Liz's Uganda Trip

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Queen Elizabeth National Park

At Queen Elizabeth National Park, we stayed at the lovely Mweya Lodge.
A big highlight of our stay there was an afternoon trip on the Kazinga Channel, which links Lake George with Lake Edward. This channel is a well known wildlife magnet, with many animals and birds coming down to the edge of the river, easily viewable - and photographable - from the boat.
The image, left, shows Hippos, White-fronted Cormorants, a Yellow-billed Stork and an Egyptian Goose.

Wildlife of the Kazinga Channel
Two African Fish Eagles

We saw a number of African Fish Eagles, Haliaeetus vocifer, either singly or in pairs, in the trees at the side of the channel.

Cape Buffalo were also seen in good numbers, either in herds ...Herd of Cape Buffalo
Cape Buffalo... or singly.

Back at Mweya Lodge, there were some mammals as well as birds in the lodge grounds, particularly a large group of Banded Mongoose, Mungo mungo, which has been the subject of a long-running research project.
They are colour-marked for individual recognition by the researchers, which makes photographing them more of a challenge, to keep the colour marking, particularly evident on the tiny babies, out of the photos.

Banded Mongoose
Dozy Banded mongoose

These Mongooses are used to people, so are very approachable. In fact, when I was lying on the ground to take photos at eye level, some came right up to me to investigate, and one even climbed up onto my leg and walked up and over my back.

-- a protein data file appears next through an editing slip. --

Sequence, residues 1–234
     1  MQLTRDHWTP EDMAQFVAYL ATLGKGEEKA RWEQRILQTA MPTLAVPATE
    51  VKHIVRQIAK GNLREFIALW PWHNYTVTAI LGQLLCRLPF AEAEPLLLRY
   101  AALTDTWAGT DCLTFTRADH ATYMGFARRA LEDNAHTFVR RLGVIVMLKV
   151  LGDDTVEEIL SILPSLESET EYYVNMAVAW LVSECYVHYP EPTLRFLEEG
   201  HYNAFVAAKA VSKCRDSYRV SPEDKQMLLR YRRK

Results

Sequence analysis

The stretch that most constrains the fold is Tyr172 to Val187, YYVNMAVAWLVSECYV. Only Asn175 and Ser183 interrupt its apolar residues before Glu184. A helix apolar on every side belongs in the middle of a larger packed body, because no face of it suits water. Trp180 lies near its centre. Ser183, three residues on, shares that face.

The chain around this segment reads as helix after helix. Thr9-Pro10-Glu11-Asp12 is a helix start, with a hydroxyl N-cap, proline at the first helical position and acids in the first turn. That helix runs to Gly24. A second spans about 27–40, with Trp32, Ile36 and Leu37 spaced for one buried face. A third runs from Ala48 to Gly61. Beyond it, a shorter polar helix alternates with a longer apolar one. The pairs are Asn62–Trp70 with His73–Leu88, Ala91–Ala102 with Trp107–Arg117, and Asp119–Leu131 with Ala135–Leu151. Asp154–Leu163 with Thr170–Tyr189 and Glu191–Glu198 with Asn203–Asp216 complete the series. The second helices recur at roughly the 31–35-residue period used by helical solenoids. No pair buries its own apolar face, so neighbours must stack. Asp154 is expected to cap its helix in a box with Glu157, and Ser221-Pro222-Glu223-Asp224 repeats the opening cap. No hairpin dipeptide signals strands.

We didn't actually have a lot of time in the Lodge grounds, but there were plenty of birds there, and in the adjacent airstop. This male Yellow-backed Weaver Ploceus Melanocephalus was one of a family very near the cabin I was staying in. Yellow-backed Weaver
Warthog There's also a Warthog, Phacochoerus africanus, in the Lodge grounds, also tame and used to people.
We saw a lot of Uganda Kob, Kobus kob thomasi, in the Park. Male Uganda Kob
Male Uganda Kob Uganda Kobs are a subspecies of Kob, closely related to Waterbucks - in fact, their Dutch name is Oeganda-waterbok.
This male spent a lot of time pursuing this female and attempting to mate with her. He was unsuccessful during the hour or so we spend in this immediate area. Uganda Kob pair attempting to mate
Chimpanzees Entebbe
Botanic Gardens
Entebbe Wildlife
Education Centre
Mabamba Swamp Bwindi Impenetrable
National Park
Murchison Falls
National Park

Text and images © Liz Leyden, 2008
Email: liz [at] lizworld [dot] com
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